Recently, scientific confirmation of a black leopard in Kenya became a global news sensation . The “black panther” (as these leopards are also known) is indeed a striking beast, as the video trail camera footage attests.
The melanistic leopards were filmed in Lorok, Laikipia County, Kenya on remote cameras that were set up as part of a large-scale study aimed at understanding the population dynamics of leopards in Mpala and Loisaba Conservancies .
The story of the black leopard is more than just a story about a cool creature. It’s also a story of community, conservation and coexistence. And it’s a story that’s still unfolding.
In fact, just this week scientists from San Diego Zoo Global have confirmed that these black leopards range into Loisaba Conservancy, a project The Nature Conservancy helped secure.
“We always expected that the black panthers in our study ranged across several conservancies in Laikipia,” says Dr. Nicholas Pilfold , scientist for San Diego Zoo Global. “It is very exciting that we are now starting to observe their movements through our network of remote cameras.”
Caught on Camera
San Diego Zoo Global, working with partners including The Nature Conservancy, launched an initiative to track and research leopards at Loisaba and Mpala Conservancies in Northern Kenya. The research was aimed at understanding the natural history of leopards as well as their population in the area.
“Leopards have actually been largely ignored,” says Pilfold.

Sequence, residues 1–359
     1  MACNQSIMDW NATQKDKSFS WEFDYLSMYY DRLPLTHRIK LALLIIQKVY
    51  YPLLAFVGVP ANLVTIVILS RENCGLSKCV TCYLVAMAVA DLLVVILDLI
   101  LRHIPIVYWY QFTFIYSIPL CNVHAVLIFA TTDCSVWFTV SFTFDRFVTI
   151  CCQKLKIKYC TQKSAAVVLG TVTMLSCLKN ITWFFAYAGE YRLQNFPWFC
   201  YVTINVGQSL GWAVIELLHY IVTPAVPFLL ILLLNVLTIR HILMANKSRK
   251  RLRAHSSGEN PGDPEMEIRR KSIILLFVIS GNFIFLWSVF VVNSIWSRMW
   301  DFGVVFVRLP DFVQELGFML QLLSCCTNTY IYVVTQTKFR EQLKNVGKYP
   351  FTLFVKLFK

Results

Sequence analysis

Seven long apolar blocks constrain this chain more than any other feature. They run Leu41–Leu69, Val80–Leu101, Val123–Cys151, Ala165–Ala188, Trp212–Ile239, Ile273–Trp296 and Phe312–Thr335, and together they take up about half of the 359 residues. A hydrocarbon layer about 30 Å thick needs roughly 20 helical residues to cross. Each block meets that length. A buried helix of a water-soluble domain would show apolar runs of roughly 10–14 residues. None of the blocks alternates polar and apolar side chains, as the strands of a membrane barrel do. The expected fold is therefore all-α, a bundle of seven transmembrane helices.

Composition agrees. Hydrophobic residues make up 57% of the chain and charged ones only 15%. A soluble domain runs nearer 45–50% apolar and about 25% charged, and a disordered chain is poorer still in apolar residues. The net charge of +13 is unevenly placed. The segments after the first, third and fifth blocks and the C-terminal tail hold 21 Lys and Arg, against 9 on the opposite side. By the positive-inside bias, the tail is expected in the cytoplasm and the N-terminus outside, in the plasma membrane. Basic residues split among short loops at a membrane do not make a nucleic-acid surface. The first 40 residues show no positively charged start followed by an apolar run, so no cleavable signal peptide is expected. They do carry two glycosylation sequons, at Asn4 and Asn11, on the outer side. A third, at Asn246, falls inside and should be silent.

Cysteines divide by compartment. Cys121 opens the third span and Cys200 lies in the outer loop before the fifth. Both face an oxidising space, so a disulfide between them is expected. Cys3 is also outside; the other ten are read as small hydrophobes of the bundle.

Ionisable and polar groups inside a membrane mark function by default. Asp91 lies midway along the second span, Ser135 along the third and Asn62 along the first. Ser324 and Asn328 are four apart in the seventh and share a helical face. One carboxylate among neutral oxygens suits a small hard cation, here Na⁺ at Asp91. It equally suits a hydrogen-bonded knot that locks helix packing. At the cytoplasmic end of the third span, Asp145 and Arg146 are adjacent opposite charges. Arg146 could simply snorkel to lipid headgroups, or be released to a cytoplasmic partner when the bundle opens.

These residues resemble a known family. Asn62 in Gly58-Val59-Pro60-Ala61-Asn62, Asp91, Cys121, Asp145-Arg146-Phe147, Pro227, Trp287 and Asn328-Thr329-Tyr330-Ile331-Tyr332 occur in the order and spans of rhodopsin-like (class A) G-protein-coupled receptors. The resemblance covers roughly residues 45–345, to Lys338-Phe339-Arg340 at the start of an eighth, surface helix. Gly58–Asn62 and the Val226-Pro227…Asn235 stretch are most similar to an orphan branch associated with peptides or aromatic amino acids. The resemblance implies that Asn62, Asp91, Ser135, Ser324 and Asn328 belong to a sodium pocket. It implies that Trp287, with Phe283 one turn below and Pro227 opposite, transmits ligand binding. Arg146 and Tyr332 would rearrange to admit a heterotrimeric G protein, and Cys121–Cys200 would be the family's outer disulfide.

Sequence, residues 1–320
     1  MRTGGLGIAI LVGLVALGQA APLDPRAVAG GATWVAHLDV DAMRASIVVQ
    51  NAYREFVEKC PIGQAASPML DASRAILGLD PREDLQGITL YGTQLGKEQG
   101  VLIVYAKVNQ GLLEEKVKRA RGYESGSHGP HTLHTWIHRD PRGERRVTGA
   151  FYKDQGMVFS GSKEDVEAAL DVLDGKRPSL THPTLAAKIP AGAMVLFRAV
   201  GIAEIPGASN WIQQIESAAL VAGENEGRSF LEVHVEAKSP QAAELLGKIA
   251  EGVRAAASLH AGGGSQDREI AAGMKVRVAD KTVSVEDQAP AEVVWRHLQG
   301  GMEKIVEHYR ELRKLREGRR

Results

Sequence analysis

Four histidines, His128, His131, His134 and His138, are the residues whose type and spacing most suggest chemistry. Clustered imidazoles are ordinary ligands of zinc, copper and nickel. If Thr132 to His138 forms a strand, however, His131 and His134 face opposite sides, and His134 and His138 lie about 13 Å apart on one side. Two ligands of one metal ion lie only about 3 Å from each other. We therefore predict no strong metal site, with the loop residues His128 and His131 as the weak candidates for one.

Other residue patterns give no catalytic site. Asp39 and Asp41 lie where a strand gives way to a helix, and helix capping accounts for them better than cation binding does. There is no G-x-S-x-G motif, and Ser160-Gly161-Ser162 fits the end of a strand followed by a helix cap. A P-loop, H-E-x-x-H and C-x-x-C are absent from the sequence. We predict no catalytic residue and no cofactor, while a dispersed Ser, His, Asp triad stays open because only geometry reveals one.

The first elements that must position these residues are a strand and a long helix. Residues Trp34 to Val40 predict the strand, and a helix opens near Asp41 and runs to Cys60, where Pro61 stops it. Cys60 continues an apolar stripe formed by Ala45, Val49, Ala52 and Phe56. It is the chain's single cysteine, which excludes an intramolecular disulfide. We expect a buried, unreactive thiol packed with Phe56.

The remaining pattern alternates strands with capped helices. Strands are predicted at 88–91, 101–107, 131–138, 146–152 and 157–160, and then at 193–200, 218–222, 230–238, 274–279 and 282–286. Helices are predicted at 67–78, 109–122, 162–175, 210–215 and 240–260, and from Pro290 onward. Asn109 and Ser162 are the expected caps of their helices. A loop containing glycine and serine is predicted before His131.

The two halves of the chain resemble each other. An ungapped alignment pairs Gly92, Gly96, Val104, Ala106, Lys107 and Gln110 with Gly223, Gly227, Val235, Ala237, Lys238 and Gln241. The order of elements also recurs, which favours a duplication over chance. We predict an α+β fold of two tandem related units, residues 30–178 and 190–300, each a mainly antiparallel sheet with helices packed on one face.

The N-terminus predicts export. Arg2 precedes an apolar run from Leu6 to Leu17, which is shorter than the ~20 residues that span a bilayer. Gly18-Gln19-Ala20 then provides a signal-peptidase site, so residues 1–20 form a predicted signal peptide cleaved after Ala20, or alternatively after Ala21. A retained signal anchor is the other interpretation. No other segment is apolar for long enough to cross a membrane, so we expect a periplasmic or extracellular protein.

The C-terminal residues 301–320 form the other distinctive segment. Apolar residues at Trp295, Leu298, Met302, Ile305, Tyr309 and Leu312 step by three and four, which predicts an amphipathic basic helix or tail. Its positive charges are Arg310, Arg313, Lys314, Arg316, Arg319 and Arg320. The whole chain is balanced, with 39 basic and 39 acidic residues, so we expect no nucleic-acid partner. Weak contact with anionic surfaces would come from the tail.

While the African leopard population has been decreasing, the extent of this decline remains unknown. Ambrose Letoluai grew up in Koija, bordering the Loisaba Conservancy, and knows well some of the challenges facing leopards. The leopards often killed sheep and goats owned by local residents.
“Leopards were not well liked in local communities,” he says.
Letoluai was supported by the Loisaba Conservancy through a scholarship in high school and college. After an internship, he joined the leopard conservation program as a research assistant.
One of his tasks was visiting local communities to understand predation on livestock. These interviews led to mitigation strategies to help people better coexist with large predators. Such strategies included the use of cell phones to report predation conflicts, direct monitoring of livestock corrals with remote cameras and an upcoming implementation of predator deterrents.
Part of Letoluai’s interviews involved showing community members photos of lions, leopards and cheetahs to better understand what predators they most frequently encountered.
“As people looked at the photos, they said ‘there is one that looks like a leopard but is black,’” Letoluai says. “I recalled that elders in my community talked about black leopards being on the Laikipia Plateau.”
The researchers set out camera traps and obtained footage of black leopards. It was the first scientifically confirmed black leopard in Africa since 1909, when one was documented in Ethiopia. It was the first documentation of a black leopard in Kenya. Scientific documentation requires not only sufficient evidence, but also publication in a peer-reviewed journal.
“People here knew black leopards existed,” says Letoluai. “They have been here for a long time. All we have done is scientifically establish a fact that local people already knew.”